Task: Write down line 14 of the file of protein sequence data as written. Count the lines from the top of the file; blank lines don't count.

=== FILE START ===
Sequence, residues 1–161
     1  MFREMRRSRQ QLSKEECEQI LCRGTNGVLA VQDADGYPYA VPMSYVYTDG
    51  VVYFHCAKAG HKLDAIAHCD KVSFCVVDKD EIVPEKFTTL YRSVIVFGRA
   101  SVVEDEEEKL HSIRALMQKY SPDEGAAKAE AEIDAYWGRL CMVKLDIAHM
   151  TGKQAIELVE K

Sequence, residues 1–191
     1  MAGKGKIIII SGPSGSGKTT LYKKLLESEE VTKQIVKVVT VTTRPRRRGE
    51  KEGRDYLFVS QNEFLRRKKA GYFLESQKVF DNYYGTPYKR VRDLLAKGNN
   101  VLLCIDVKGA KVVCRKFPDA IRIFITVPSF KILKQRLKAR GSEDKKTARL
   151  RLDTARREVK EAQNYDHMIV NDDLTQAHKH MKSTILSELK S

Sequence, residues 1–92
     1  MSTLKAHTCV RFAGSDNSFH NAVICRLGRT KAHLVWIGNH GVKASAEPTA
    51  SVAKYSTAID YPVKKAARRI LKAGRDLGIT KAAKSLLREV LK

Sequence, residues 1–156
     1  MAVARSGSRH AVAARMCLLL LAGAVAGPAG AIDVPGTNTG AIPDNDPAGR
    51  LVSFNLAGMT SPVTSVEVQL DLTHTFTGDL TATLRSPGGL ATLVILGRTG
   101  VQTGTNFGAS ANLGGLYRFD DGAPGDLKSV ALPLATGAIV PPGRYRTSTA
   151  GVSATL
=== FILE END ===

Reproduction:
Sequence, residues 1–156